Two weeks ago, the city’s Landmarks Preservation Commission voted unanimously to designate 11 historic buildings in Midtown East as city landmarks. Now, yet another building within the neighborhood has been given landmark status.
The former Citicorp Center, now known simply as 601 Lexington Avenue, is the latest site within Midtown East to get protected, bringing the total number of individual landmarks in the area to 50.
“The Citicorp Tower’s distinctive features make it one of the most recognizable skyscrapers in New York City,” LPC chair Meenakshi Srinivasan said in a statement. “Today we ensured that future generations will enjoy this irreplaceable part of our skyline.”
The building was designed by Hugh A. Stubbins & Associates and built from 1973 to 1978. The 59-story office tower has a few distinctive features, including its 45-degree angular roof, and its base of four stilt-like columns. Saint Peter’s Church is also on site—a condition of the skyscraper’s rise—and those four columns allow the larger tower to cantilever over the church. The intertwined buildings are also accompanied by a privately owned public space that connects to the Lexington Avenue-53rd St subway station.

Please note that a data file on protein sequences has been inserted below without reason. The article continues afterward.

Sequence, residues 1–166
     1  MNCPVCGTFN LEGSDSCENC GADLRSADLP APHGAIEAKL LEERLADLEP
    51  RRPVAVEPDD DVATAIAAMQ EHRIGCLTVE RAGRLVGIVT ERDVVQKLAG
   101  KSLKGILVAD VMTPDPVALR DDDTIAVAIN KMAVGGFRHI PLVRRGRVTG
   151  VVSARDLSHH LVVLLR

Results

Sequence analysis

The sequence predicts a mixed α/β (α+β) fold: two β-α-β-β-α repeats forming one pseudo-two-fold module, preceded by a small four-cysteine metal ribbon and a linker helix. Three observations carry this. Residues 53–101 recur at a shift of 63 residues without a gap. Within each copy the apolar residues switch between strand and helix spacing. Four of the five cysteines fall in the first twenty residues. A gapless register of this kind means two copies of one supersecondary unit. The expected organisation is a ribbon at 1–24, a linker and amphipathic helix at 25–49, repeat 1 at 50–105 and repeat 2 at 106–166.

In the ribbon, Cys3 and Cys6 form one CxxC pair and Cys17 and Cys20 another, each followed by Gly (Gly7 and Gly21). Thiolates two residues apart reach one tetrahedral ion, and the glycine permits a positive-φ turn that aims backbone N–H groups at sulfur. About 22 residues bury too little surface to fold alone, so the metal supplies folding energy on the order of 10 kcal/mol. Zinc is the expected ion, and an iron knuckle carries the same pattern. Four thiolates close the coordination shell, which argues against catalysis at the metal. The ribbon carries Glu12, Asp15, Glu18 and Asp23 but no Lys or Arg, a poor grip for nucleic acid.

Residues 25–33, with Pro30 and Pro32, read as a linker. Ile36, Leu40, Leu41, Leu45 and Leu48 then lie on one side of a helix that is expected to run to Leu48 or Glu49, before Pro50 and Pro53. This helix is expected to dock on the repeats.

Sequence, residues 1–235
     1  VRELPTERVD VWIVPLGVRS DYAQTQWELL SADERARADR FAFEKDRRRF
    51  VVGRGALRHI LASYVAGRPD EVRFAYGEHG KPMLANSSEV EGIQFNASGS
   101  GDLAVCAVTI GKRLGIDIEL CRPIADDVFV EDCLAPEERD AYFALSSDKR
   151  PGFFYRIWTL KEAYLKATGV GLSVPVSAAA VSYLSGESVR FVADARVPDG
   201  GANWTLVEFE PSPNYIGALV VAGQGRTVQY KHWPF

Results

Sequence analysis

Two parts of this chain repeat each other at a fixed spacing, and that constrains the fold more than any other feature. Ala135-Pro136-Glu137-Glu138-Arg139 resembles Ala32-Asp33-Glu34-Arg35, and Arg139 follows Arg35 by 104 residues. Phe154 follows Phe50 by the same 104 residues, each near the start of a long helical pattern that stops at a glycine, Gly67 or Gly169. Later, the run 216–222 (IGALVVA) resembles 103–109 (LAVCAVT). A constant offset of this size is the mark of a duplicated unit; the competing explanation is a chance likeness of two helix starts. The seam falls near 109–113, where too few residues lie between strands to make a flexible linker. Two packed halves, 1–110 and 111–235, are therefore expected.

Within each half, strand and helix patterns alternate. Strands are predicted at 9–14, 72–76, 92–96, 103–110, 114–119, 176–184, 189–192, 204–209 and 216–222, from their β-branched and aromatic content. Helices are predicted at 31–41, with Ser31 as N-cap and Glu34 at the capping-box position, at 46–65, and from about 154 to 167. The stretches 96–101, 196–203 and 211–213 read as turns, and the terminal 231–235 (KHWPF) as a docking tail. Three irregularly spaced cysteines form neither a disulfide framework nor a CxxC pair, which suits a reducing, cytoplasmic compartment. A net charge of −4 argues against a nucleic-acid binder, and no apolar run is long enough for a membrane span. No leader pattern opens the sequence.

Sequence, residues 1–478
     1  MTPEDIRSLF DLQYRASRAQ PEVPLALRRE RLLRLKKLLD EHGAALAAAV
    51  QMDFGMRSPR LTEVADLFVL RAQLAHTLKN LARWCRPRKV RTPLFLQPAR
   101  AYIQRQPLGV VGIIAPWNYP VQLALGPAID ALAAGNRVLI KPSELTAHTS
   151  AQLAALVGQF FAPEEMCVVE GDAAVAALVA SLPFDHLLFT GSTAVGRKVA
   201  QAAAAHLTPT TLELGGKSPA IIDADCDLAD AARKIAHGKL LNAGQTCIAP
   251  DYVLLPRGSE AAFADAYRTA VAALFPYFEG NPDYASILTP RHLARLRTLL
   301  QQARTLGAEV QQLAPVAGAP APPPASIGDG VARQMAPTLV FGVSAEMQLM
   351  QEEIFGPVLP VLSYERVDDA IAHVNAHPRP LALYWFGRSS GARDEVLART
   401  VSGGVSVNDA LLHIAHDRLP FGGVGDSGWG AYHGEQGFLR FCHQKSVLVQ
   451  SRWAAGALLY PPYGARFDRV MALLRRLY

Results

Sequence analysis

The buildings within the area were a high priority for the Landmarks Preservation Commission to protect before the Midtown East rezoning initiative, which will eventually lead to the creation of more than a dozen new commercial buildings (including the supertall-to-be One Vanderbilt).
The former Citicorp Center is now the city’s youngest landmark. Other buildings to have recently obtained landmark status in Midtown East include the Hampton Shops Building, Pershing Square, Hotel Lexington, and several more.